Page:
The great Walter Karp, in Indispensable Enemies (the one and only indispensable book ever written about American politics), disposed of this hoary myth beyond any reasonable doubt, and I can’t hope to do justice to his remarkably persuasive argument in a few words. In brief, Karp’s thesis is that there’s no need to resort to hidden forces or conspiracy theories to explain why we are so badly misgoverned. If we assume that we are misgoverned because our political leaders — the bosses of the Republican and Democratic parties — want to misgovern us in order to secure and sustain their own power. It is the very nature of republican government, Karp argues, that forces them to do this. In an authoritarian state, the leaders would largely be free to ignore the discontented unless a revolt broke out; here, the parties’ monopoly control over politics is constantly threatened by the very freeness of our politics, founded on the Constitution and the federal principle. This is why the extension of democracy — contra the Menckenian objections of our libertarian friends — is always and forever a threat to undemocratic government, and the only real solution to it.

If you buy this — and I admit that it seems difficult to swallow at first, considering how schmucky our leaders look and sound on C-SPAN — it becomes increasingly hard to feel safe, to retreat to banalities about “pluralism” and such. Our wrecked economy, dominated by corporations, becomes easier to explain: What better way to prop up corrupt power than to give the moneyed class a stake in it? (Alexander Hamilton, no fool, understood this and believed that it ought to be written into the Constitution.) Karp writes:

It is obvious … that those who wield party power, or would consolidate party power, have compelling political reasons of their own to foster monopoly and no political reason of their own to sustain an economy of small competing producers. We should expect to find in the history of monopoly capitalism the oligarchs’ determined effort to engender monopoly and destroy competition-and that is what we do find. We should expect to find that effort strenuously opposed by the great majority of Americans-and that too we find. What we will not find is what conventional history tells us to look for, namely the “triumph of laissez-faire,” for the history of the formation of monopoly capitalism is history of deliberate government intervention to further monopoly. … what the majority of Americans once clearly understood (is) that behind every monopoly stands the government and, by extension, the party bosses. The notion that the monopoly system developed through autonomous economic processes is an ideological myth.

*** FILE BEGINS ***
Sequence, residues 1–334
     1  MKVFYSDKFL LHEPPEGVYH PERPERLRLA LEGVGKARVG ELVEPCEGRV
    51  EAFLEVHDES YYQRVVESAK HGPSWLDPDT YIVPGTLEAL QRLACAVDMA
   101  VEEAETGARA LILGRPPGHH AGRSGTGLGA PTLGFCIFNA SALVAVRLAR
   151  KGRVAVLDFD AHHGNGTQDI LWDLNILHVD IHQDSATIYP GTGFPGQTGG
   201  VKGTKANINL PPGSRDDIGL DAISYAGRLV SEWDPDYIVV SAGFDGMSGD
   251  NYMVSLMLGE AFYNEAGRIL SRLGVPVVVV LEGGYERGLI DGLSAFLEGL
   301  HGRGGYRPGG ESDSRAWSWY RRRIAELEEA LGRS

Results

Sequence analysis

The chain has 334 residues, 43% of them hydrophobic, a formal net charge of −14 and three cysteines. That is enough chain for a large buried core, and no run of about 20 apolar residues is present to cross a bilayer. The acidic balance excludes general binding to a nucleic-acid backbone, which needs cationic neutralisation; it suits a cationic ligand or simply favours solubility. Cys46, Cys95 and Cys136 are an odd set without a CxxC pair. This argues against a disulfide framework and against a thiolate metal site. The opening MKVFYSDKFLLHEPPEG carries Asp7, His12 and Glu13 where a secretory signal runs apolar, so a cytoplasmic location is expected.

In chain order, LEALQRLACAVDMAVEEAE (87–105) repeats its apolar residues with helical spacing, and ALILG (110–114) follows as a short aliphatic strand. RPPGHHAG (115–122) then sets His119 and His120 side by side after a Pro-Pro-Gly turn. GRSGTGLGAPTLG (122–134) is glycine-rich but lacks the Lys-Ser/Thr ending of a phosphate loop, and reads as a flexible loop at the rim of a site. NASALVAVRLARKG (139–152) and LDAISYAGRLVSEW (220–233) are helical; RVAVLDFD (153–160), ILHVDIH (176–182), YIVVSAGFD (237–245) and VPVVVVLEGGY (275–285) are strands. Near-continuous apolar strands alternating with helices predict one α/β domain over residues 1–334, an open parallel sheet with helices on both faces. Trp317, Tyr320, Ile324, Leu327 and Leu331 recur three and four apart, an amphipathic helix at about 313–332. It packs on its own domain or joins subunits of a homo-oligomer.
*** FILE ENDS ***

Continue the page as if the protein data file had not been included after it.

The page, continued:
The list goes on. Our frighteningly arbitrary foreign adventures begin to make sense: Why is it that every major war happened at a time of tremendous domestic turmoil, when the parties’ power over the populace was threatened? Why were party leaders so eager to encourage a centralized school system, with an ever more ferociously dictated curriculum? Why are our tax dollars forever funneled into maintaining a vastly overblown standing army — the very thing the Founders most dreaded and warned against, as the ultimate pretext for governmental abuse — instead of being used to fix that same miserable school system? Finally, why is it that the press is so eager to blame everyone in the world for our troubles — bankers, the rich, the poor, even the press itself — but politicians themselves? Could it be that this is really the most unlikely taboo of them all — to hold those in power responsible for what happens on their watch?

Oh, Jonathan.

March 8, 2009

As Bill Watterson once put it: “How can kids know so much and be so dumb?” This NYT story about an insufferably obnoxious 14-year-old Dinesh D’Souza wannabe is the funniest piece of non-fiction I’ve read in weeks. Jonathan Krohn, a homeschooled kid who schooled himself on politics listening to that old blowhard Bill Bennett on the radio every morning and just wrote an 80-page book called Define Conservatism, is the Right’s latest darling, and his parents’ barely disguised annoyance with him seriously brings the lolz, as they say:

He still has the zeal of a missionary. His voice rising to a wobbly squeak, he grabs any opening to press the cause. “Barack Obama is the most left-wing president in my lifetime,” he said.

Mr. Krohn buried his face in his hands. “Oh, Jonathan,” he sighed.

There’s nothing sadder than a child prodigy whose parents aren’t wise enough to keep him out of the public. Mark my words: in a decade’s time this kid will be moping around his New York apartment in a bathrobe, staring out the window, smoking a cigarette, and muttering “God-damn it, Bessie…”